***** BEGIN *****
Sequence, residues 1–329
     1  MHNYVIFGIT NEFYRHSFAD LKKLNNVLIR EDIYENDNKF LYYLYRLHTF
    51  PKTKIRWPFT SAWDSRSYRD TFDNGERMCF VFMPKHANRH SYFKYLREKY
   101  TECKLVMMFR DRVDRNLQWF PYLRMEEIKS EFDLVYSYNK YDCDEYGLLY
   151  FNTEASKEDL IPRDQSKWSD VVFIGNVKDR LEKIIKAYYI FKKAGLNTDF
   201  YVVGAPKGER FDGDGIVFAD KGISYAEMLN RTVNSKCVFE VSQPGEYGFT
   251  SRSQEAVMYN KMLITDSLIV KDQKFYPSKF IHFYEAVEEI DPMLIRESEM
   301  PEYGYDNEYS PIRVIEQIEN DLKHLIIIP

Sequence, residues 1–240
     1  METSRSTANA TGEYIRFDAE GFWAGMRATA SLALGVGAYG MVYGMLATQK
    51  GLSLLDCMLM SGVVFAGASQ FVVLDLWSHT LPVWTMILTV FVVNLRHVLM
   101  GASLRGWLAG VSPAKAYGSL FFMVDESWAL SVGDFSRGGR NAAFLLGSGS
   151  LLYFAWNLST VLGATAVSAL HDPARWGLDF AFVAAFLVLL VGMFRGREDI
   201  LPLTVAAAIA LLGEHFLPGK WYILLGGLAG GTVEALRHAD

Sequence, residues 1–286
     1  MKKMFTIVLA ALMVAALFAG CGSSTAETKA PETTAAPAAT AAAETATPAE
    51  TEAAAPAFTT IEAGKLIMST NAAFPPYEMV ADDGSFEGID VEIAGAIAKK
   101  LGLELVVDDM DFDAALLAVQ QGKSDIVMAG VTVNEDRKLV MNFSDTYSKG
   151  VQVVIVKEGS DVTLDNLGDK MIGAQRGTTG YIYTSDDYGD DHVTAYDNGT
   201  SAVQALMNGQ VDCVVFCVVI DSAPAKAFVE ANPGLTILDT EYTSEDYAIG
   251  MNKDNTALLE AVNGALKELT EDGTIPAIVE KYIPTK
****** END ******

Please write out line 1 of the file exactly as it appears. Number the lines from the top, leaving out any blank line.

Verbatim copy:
Sequence, residues 1–329